Mothering with Grace
In my efforts towards living with more intention and purpose, I've spent a lot of time evaluating what my values and long-term goals are. In my motherhood, this has been especially true.
One thing I've definitely noticed is that when I'm only going through the motions--trying to simply get through the day or get to the next item on our agenda--then my main focus tends to be on my children's obedience. Stress levels are high, patience levels are low, and tension is often building. This is when I tend to be short, demanding, and easily frustrated with my kids. In these situations, my brain translates my children's slowness to obey into a reflection of their character. (i.e. "I told you to put your shoes on and get in the car! Why can't you listen? Now we're going to be late.") My focus here is situational and my feelings towards my child are dictated by one single thing he/she did or didn't do. This is not intentional parenting. It is also not a true reflection of what deeply matters to me or how I truly feel about my child.
Blind, swift obedience is not actually a character trait that I am trying to instill into my children. When I list the things that I most hope to cultivate in my future world shapers, obedience does not even make the list. So why then does obedience so often feel like the goal? For me, the answer is selfishness. My life is simply easier when they obey my commands immediately and exactly. But I don't want to be their drill sergeant. I want to be their biggest supporter, their confidant, their place of safety, and their teacher. But I teach nothing through demanding blind obedience and our relationship is not cultivated.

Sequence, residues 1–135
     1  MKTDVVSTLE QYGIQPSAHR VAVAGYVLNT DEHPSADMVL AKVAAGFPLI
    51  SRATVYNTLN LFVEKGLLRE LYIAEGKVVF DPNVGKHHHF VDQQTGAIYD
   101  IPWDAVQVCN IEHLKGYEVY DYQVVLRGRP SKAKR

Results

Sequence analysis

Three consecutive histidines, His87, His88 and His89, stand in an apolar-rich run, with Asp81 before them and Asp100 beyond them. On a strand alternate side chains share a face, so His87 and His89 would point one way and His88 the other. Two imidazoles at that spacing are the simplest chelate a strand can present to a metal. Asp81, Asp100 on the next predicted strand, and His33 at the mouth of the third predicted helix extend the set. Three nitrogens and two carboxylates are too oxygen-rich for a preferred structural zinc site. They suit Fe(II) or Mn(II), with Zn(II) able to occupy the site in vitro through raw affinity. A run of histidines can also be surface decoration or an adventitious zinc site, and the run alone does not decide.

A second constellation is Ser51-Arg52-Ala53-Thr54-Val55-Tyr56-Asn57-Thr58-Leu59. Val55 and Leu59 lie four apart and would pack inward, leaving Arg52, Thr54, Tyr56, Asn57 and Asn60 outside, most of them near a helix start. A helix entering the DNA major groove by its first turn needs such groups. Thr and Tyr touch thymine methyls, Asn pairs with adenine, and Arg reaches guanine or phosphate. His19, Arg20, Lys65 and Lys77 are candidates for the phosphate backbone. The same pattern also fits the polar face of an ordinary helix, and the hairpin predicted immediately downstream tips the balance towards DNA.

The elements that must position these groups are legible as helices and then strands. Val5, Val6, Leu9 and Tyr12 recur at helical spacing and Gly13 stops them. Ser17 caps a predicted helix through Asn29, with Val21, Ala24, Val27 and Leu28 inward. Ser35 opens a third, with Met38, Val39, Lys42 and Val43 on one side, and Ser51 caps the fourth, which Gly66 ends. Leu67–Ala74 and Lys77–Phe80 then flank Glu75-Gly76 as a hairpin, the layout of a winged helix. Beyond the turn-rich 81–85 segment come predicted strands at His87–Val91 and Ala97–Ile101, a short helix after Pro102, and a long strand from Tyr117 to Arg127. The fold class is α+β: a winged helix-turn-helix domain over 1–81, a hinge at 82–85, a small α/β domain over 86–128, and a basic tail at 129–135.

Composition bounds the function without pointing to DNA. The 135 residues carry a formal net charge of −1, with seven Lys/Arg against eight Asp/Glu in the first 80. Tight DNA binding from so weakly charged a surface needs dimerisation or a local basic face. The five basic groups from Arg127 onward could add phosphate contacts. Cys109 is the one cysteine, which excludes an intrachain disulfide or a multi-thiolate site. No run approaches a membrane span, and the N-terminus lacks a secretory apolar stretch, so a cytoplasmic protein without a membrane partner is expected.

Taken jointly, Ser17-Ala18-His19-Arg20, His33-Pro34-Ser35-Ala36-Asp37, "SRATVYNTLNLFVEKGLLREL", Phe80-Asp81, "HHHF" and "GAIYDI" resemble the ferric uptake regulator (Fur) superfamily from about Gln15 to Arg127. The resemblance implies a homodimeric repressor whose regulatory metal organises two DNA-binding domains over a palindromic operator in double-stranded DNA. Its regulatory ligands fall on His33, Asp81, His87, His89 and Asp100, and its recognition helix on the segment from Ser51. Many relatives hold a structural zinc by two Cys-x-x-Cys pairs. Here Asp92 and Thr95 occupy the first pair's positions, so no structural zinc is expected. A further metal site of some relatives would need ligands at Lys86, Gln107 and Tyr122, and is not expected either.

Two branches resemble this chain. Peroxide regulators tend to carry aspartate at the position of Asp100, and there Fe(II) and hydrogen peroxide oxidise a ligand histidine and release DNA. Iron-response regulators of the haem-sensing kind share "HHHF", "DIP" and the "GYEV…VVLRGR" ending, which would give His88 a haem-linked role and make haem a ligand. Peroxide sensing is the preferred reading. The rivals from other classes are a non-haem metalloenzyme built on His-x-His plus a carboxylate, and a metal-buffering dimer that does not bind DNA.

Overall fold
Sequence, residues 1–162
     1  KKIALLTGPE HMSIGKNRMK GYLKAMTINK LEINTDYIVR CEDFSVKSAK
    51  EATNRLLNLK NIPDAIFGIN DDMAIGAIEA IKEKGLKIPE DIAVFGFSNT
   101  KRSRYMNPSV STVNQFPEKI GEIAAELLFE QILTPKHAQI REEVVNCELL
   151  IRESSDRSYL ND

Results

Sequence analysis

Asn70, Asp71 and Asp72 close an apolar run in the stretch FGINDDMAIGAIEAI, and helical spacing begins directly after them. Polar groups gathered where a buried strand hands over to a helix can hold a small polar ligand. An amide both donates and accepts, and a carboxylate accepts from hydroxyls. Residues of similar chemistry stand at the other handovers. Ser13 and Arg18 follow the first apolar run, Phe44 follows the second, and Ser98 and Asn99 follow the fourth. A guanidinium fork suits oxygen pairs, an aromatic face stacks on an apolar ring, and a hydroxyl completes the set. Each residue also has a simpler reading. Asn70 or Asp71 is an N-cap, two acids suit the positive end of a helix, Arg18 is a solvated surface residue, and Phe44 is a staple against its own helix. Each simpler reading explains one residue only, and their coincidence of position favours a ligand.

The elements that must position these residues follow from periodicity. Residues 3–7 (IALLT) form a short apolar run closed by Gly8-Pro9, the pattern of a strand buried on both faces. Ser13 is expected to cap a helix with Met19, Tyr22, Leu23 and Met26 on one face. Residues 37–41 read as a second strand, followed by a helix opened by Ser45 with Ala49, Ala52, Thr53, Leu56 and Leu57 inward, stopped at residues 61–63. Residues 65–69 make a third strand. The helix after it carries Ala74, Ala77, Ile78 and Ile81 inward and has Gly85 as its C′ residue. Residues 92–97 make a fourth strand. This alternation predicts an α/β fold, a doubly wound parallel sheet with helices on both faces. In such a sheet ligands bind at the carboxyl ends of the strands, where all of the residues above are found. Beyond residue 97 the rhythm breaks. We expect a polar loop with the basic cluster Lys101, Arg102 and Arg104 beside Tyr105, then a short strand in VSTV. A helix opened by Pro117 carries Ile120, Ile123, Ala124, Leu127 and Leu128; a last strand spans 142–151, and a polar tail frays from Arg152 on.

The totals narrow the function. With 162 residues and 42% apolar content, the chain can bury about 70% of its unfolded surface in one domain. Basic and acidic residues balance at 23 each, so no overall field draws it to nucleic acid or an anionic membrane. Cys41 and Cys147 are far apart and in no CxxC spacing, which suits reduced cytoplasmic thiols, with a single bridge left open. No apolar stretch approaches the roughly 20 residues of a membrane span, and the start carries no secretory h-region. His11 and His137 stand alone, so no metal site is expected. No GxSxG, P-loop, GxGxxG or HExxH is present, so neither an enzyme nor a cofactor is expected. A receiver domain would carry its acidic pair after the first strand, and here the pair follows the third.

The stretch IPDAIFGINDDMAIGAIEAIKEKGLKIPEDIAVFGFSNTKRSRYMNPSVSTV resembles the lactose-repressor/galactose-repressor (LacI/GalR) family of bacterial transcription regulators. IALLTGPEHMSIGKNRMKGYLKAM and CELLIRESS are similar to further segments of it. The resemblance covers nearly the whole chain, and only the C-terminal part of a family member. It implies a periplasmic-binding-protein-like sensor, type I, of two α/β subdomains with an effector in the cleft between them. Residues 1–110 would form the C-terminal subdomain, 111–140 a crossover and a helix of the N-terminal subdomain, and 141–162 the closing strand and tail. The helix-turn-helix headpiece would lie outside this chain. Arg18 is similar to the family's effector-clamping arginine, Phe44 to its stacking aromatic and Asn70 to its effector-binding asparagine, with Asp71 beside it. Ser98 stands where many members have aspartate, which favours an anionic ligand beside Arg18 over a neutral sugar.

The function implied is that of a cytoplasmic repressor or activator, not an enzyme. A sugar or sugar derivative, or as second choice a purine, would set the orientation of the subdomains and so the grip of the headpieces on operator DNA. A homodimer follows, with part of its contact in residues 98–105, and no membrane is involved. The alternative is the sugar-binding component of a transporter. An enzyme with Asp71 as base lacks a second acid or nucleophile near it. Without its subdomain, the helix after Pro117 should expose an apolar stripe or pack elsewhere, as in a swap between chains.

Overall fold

Do some things require strict obedience? Of course. Things like holding hands in a parking lot or crowded place; things pertaining to their physical safety. But even then, their obedience is garnered more effectively through a calm explanation of the reasoning than by forceful, demanding reminders of the rule. And most especially, their obedience is most quickly achieved when they understand that my requests are motivated by love.
As I was pondering this tendency of mine towards demanding obedience, I was reminded of my greatest example of an ideal parent-child relationship--the relationship I have with a Heavenly Father. Of all the parental examples I wish to emulate, this one reigns supreme. Does God demand my blind obedience or use threats and fear-mongering to motivate me to do exactly as he says? Absolutely not. He provides me with direction and explanation for his requests; all of which are motivated by His love for me. Even more importantly, He does not berate me or write me off as a failure when I fail to obey His loving direction. Rather, He allows me to learn from the experience and lovingly invites me to try again. He expects me to fail because He knows I am learning and He stands at the ready to forgive, forget, and continue to guide me in love.
These precious little souls that I am blessed to call my own are too often worthy of so much more than I have offered them. Obedience or not, I am striving daily to respond more to my children in the ways that my loving Father in Heaven is continually responding to me. Which is with grace, love, and confidence in who He knows I am capable of becoming.